Parenting a Trauma Kid

16439237583_fda9b3a25a_o.jpgOne of the more challenging things about being a foster parent is parenting a kid that has experienced trauma. It is hard enough to parent a child without their historical information. Add trauma to the mix and you begin to scratch the surface of the different levels of issues and challenges your kiddo faces day to day.

Recently, we had a meltdown with our ten year old foster daughter. Upon being re-directed for the wrong she had done, she proceeded to go into her room and destroy it. Toys were thrown everywhere as she turned over her own tubs and boxes. She was highly agitated – her way of dealing with not getting her way.

Until this point, she had only been shown violence and verbal abuse.  When the people in her life didn’t get their way, they would yell, fight, and destroy whatever was in their path.

This is what she learned.  It was the only way she knew how to react in that situation.

However, it is extremely difficult to think about that in the moment as a parent. Your emotions are high, and the adrenaline levels are on a ten. My first thought, was to punish her by taking all of her toys out of her room – removing a potential barrier to keeping her room clean. My wife had to remind me that we shouldn’t punish her for getting mad and throwing her belongings everywhere since she was only displaying what she had been taught.3409975634_7e11dcd3e6_o.jpg

In comes the tricky part: her trigger is being told to clean her room because, in the past, she was beaten if her room wasn’t cleaned properly.  As foster parents, we must create a safe place for her.  If I take away her toys then I am punishing the reaction she has learned through experience. But, if my daughter and I clean her room together, then I am teaching the moment.

Several things are happening in this teaching moment – I am creating a safe place in one of the most important spaces in the house- her bedroom – and the two of us are bonding while cleaning this space. Finally, I get to praise her for a job well done after her bedroom is transformed from a disaster zone back to a ten year old’s pretty-princess palace.

When parenting a kid that has experienced trauma, the things that have helped me are to  take the emotion out of it. This is very difficult sometimes since it is hard to function when you, yourself, are angry and upset.  It is imperative to recognize your own triggers!

Recognizing your own triggers are sometimes difficult, but it is imperative to parenting children that come from a past of chronic trauma. Trauma informed parenting has changed the way that my wife and I parent our children.

Want to be the best possible foster parent? Learn more about trauma informed parenting habits as soon as you can.

Tip: My wife conducts Trauma Informed Parenting training throughout Michigan. Please fill out this form to get more information about booking Stacey or myself for a training today. 

 

Re-Unification

Screenshot_2016-01-26-07-30-35-1When I first became a Foster Dad, I truly believed that it would be extremely difficult to give a child back to a custodial parent. Boy was I wrong; nothing could be further from the truth.
Upon meeting my son and getting to know him, he spoke highly of his mom and his extended family. He told us about Christmas, birthdays, and family reunions positively. In his mind, the good certainly outweighed all the bad. In hearing his stories, I began to notice a shift in my thinking.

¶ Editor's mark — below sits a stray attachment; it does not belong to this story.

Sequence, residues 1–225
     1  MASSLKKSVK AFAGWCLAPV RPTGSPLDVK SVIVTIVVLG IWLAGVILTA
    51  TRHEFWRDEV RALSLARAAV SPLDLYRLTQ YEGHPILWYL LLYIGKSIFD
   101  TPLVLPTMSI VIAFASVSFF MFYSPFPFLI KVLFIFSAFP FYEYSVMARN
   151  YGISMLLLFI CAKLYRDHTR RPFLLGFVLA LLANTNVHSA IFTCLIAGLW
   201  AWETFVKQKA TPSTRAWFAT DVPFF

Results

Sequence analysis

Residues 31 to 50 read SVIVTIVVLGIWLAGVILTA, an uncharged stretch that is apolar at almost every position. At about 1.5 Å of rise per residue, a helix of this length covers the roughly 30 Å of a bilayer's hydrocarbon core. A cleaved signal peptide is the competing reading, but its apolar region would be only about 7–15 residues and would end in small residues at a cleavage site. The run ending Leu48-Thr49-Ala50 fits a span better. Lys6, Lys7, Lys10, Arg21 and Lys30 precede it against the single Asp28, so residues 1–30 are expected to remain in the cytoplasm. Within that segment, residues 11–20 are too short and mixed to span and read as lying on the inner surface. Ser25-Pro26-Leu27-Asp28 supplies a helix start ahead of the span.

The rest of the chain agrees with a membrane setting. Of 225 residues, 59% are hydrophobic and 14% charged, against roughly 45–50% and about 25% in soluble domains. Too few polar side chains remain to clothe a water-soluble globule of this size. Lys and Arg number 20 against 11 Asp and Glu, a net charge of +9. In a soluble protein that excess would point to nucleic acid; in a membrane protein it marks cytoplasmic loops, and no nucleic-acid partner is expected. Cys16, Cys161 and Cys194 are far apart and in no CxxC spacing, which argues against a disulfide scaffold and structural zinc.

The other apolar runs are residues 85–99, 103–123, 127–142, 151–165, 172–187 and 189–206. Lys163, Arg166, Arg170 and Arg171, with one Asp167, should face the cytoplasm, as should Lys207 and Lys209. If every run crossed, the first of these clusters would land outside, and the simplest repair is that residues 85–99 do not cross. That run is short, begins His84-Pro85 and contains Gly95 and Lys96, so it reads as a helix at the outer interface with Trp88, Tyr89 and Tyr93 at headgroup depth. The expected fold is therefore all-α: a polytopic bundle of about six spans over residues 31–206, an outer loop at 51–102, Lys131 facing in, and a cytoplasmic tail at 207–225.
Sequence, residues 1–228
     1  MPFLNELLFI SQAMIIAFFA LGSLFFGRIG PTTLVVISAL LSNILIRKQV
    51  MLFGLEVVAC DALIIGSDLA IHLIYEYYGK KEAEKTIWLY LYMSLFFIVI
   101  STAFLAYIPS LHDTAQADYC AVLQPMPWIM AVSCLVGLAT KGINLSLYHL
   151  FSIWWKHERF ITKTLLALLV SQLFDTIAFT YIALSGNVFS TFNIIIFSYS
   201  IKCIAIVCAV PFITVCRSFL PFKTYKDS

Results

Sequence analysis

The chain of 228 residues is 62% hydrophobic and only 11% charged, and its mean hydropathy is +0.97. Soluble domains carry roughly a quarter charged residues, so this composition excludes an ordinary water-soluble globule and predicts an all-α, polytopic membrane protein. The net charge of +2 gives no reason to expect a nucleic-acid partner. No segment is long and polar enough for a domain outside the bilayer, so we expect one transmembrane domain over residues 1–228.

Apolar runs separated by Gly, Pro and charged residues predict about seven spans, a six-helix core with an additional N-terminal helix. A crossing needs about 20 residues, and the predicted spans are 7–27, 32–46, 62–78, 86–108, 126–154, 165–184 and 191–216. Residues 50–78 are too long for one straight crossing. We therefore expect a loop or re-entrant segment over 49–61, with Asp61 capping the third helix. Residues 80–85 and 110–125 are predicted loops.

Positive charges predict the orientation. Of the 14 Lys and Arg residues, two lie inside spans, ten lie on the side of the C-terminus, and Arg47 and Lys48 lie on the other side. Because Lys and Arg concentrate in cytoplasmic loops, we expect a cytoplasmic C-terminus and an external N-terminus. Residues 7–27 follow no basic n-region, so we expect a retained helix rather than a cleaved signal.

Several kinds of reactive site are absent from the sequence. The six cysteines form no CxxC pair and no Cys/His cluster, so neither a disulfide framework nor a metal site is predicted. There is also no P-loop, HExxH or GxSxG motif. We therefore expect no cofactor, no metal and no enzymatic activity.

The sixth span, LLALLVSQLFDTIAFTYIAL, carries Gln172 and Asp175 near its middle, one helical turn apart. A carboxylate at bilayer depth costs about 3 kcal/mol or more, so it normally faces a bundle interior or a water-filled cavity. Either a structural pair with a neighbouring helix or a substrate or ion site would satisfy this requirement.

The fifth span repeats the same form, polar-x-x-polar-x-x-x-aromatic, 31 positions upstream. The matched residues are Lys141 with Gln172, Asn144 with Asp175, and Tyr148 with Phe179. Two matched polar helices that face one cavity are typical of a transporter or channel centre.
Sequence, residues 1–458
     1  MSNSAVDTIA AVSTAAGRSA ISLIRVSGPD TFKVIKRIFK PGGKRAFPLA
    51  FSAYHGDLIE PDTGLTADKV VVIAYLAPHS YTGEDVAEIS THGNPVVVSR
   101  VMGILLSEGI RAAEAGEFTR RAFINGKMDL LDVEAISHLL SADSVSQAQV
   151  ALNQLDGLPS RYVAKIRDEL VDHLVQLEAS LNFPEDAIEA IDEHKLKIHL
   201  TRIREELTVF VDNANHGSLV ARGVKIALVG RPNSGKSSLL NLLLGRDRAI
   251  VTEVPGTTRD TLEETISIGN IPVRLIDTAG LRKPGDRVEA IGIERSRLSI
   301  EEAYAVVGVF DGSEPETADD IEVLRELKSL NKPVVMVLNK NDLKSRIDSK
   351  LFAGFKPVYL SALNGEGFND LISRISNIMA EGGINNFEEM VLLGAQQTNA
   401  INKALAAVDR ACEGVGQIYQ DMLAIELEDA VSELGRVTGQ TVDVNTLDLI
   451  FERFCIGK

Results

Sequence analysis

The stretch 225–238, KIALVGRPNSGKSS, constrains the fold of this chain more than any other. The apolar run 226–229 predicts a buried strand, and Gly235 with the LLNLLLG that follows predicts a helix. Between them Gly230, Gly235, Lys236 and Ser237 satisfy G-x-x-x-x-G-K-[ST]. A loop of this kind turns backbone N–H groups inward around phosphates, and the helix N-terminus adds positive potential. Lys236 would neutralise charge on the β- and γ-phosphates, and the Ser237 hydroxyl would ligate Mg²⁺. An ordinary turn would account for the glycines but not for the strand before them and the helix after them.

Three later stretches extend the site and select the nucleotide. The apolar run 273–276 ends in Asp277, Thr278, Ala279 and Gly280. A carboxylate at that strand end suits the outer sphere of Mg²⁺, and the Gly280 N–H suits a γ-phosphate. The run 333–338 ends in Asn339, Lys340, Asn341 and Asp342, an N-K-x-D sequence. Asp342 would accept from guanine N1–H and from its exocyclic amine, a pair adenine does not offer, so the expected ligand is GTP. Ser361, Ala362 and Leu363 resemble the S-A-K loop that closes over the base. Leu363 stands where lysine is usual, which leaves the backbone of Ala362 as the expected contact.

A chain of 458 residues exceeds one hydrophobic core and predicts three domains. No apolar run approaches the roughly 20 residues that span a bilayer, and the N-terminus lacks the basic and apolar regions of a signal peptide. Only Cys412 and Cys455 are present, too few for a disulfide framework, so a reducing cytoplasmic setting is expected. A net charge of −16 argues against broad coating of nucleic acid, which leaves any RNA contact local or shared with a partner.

Instead of being selfish, and thinking that I was the best or only solution for him, I started to root for him and his mom. Because I cared so deeply for him, I wanted what he wanted. Because of that, I was able to extend some much needed grace to his mom, while praying that she completed her treatment plan to ultimately get her son back.
As awesome as I thought my house was, all this kid wanted to do was return to his home. I ended up helping him (and myself) by changing my attitude about what was best in the situation. I was able to show him what a strong man and a loving family unit looks like in with the intent that one day he can be and create the same.15722551403_9b07334c0a_k
Despite working to get him where he wanted to be – reunified with his mother -, I learned that one of the most important roles of foster parenting is to simply make sure he saw our home and family as his own and that he could return to us for comfort whenever he needed to. Despite the fact that my son did rejoin his mother, he will always be welcomed in my home and as a part of my family.

The Day In The Life Of A Foster Kid

3090392251_911be4dfaf_mImagine being a 7 year old boy, one night your parents get into a fight and the police come and take your parents away in handcuffs.

The next day, the lady, that smells funny, tells you that she will take you to a different home and school, away from your sisters and brothers and you are only allowed to take what will fit into your duffle bag.

The next week, at the new school, you have a hard time with concentrating. You day-dream a lot. The teacher sends you to the principal’s office for misbehaving. You punched a kid in the nose for talking bad about your mom.

6692253593_cc3911bb5d_o (1)When you get home…errr I mean to your new house, the lady is there (the one that smells funny) talking to the parents of the house in the living room. You overhear them say “he is aloof, a dreamer, and aggressive, and I am afraid that he will hurt my bio son….please take him away.”

Now imagine that happening 10 more times before your 12th birthday. Would you be angry, hurt and scared? Wouldn’t you be confused and scared to trust?

This is the day in the life of some foster kids. These kids need and DESERVE love, patience, guidance, and understanding; but most importantly they DESERVE a loving home!